“There, in his noisy mansion, skill’d to rule,
The village master taught his little school;
A man severe he was, and stern to view,
I knew him well, and every truant knew;
Well had the boding tremblers learned to trace
The day’s disasters in his morning face”.
Oliver Goldsmith, The Deserted Village, 1770
There are certain lines and ideas that never leave you. Mr Hennelly taught us The Deserted Village in Year 8, sitting at his desk, set high above the rows of bowed boys’ heads. We read the poem and learned, after a fashion, and from a teacher who would not have been out of place in Goldsmith’s context.
This is no slight to Mr H. I loved him and I loved English lessons. What we did didn’t seem like learning: it was free from the drudgery that filled so many of my other lessons, so it couldn’t be learning, could it? These classes were engaging, stimulating. The “boding tremblers” were taught in rows and by rote because that was the way it had always been done. There was little room for development because the exam results were good and it all seemed to work effectively. I went to a good school – it is still a good school, although I expect for very different reasons.
Goldsmith decried the industrialisation of the landscape. He saw the bucolic dream begin to change and he foresaw disaster.
He was right in many respects, but not in all. The Industrial Revolution brought and sustained the education system I grew up in. It answered a need for literacy, not liberalism. What it spawned, however, was an unintended atrophy, which has been challenged more profoundly in our digital age than at any time in the past. But, to be fair, this challenge has been continuing for the past 20 years, and improvements in curriculum design and pedagogy are the prime movers of change.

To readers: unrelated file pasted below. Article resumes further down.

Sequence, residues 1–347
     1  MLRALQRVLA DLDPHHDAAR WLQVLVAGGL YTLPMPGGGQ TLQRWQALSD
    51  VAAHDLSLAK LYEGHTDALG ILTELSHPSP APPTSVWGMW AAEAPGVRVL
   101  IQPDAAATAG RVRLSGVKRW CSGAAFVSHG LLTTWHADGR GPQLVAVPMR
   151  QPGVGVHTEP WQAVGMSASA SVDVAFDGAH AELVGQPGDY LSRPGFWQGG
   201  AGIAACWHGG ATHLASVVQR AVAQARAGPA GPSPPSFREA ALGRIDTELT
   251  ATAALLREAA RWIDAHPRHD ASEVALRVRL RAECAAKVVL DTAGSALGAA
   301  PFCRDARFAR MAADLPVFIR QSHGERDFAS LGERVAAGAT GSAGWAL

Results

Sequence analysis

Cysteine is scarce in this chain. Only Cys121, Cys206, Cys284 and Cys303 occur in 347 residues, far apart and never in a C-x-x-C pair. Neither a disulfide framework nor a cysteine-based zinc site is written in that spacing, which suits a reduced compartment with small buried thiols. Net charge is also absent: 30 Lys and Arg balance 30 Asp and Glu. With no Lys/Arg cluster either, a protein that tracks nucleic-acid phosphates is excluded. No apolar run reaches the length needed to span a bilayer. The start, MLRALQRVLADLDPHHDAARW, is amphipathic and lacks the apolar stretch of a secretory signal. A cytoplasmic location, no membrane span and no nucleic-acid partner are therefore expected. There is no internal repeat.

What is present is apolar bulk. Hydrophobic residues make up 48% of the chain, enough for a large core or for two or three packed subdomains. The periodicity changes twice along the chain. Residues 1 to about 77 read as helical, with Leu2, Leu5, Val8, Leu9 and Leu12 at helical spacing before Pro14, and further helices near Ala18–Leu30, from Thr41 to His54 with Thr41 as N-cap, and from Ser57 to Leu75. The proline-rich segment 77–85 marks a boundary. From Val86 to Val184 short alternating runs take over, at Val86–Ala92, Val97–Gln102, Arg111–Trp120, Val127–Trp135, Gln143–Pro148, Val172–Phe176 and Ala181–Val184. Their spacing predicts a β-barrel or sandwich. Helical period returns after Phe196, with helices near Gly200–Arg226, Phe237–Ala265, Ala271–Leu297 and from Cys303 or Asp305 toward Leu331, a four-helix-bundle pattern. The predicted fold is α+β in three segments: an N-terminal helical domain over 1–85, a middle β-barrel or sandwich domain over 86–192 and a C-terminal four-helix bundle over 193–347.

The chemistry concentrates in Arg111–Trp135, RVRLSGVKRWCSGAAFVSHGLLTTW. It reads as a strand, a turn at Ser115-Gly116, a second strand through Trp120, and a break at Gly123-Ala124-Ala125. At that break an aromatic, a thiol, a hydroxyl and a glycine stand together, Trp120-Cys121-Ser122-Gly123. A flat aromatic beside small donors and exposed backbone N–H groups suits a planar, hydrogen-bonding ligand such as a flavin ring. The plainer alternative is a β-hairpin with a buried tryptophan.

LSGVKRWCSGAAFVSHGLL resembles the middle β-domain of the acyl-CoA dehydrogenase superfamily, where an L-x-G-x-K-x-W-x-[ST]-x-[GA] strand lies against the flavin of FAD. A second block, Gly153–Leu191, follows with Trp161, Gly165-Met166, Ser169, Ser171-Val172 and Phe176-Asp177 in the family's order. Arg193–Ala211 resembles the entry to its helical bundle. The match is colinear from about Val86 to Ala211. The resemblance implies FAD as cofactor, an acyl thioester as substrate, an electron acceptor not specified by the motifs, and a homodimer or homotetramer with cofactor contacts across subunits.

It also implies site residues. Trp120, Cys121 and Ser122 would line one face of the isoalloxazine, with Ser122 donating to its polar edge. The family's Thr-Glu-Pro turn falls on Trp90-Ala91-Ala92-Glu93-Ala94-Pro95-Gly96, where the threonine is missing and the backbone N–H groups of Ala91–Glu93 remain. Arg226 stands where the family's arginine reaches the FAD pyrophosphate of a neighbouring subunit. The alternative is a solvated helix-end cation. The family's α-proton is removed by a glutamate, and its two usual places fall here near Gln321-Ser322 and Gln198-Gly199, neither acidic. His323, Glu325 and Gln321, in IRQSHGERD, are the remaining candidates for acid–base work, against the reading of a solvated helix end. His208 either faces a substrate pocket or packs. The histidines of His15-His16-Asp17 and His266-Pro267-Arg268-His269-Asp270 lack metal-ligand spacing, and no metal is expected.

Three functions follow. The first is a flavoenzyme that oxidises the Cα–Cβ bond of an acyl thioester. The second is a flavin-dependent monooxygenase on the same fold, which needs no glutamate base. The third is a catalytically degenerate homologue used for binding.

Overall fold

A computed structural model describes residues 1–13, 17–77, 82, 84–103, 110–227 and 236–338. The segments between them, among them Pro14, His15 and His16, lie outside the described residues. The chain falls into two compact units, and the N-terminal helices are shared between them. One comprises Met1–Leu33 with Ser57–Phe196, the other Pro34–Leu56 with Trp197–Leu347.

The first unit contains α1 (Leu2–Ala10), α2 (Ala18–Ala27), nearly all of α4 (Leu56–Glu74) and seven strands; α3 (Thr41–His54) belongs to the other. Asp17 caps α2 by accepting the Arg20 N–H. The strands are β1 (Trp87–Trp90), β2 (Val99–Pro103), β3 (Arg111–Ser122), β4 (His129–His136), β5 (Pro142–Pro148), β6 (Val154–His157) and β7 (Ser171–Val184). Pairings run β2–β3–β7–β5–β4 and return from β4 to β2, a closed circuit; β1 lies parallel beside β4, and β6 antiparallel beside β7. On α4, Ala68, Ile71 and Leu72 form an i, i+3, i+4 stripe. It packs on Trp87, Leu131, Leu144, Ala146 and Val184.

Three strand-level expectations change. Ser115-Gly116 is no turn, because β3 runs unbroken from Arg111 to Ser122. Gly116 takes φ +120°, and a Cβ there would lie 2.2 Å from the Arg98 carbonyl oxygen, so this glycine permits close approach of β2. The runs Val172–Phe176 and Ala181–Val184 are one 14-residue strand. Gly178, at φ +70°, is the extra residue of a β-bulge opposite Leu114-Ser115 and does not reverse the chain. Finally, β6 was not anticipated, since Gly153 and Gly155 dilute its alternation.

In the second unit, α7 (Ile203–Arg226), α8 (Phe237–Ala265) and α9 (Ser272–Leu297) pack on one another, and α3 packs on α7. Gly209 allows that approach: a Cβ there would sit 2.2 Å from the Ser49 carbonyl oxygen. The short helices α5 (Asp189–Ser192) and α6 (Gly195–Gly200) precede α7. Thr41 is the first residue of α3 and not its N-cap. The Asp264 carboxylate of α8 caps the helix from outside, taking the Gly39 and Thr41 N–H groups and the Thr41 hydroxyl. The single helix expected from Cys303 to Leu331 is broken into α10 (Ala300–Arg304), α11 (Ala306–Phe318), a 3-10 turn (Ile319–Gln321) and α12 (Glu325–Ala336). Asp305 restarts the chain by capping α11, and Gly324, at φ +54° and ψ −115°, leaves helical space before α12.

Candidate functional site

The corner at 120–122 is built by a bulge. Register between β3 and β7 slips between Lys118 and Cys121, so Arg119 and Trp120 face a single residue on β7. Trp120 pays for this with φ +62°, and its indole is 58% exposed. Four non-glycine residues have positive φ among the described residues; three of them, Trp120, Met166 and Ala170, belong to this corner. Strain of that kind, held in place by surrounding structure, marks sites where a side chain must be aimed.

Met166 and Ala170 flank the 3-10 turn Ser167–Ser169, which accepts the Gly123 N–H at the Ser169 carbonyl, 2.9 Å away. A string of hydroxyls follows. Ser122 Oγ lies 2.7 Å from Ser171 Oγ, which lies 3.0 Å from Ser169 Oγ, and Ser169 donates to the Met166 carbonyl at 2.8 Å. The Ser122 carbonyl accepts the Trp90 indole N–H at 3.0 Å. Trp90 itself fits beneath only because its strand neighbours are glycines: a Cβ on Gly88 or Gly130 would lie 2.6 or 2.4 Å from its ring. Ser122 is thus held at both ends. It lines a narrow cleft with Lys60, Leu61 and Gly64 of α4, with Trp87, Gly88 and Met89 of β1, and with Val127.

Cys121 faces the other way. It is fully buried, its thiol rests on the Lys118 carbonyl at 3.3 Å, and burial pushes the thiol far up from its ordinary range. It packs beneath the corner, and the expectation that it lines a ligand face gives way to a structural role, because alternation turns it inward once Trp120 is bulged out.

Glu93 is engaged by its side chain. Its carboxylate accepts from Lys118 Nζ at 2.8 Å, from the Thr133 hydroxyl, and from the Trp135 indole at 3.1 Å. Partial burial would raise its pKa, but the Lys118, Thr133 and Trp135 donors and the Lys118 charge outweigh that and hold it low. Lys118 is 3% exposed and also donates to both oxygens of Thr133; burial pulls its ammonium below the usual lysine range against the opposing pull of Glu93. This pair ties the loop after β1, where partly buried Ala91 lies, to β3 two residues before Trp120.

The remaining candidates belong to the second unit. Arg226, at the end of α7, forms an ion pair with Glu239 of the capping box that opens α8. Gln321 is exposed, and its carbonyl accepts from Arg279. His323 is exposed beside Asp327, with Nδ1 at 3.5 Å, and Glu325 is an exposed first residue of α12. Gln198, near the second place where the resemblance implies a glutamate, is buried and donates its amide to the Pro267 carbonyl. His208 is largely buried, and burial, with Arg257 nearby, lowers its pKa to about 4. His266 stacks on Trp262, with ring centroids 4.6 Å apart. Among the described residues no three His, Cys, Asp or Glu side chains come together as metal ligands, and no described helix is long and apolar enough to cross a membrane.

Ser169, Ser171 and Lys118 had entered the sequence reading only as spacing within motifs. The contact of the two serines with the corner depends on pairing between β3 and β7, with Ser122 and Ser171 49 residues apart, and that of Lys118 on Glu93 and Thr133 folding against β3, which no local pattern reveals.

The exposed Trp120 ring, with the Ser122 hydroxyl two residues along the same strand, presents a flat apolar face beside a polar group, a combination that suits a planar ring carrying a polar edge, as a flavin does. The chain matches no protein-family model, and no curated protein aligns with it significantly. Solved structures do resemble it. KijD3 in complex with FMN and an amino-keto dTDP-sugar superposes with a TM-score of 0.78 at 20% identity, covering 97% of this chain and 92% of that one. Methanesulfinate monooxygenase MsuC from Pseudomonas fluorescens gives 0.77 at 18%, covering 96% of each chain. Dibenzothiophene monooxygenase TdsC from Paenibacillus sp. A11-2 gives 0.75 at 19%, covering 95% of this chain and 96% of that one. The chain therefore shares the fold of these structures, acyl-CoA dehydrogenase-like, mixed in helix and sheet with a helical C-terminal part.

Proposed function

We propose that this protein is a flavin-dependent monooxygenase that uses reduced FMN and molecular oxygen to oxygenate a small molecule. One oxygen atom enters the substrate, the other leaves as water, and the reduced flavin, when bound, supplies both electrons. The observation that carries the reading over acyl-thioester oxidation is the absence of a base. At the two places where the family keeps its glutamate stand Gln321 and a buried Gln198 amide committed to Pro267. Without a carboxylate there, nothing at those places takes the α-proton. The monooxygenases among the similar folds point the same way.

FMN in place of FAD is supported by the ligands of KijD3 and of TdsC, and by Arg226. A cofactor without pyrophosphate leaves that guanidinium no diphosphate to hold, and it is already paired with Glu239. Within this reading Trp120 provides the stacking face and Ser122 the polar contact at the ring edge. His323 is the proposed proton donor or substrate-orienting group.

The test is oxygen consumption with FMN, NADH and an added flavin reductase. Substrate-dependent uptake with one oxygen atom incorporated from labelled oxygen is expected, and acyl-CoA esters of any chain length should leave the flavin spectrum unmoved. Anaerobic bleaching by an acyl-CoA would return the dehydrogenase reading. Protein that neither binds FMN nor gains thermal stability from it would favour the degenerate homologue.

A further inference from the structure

For my money, the biggest single influence on effecting change has been the collaboration, via social media, among and between professionals in a digital learning community. This is one of the best adverts for online media. Engaging with the experience and research of others, as well as our own research and development in school, allows us to put excellence into practice in an authentic and meaningful way.
It behoves educators, therefore, to examine what makes good practice, and to question in what context and in which ways excellence can be incorporated into the daily business of teaching and learning.
One way – perhaps the most obvious one – to determine levels of success is to look at examination results. Lucy Crehan spent a month in five different education systems that regularly come top in the Organisation for Economic Cooperation and Development’s Pisa (Programme for International Student Assessment) tables. In her book, Cleverlands, she shares some of the strategies that the world’s top-performing and equitable systems have in common, such as mixed-ability classes, where all pupils are expected to work to the same high standard, creating the tide that lifts all boats. Although this may seem counterintuitive, one cannot deny the value of reflecting on one’s own practice and comparing it with the places that, year after year, top the world’s rankings in maths, reading and science.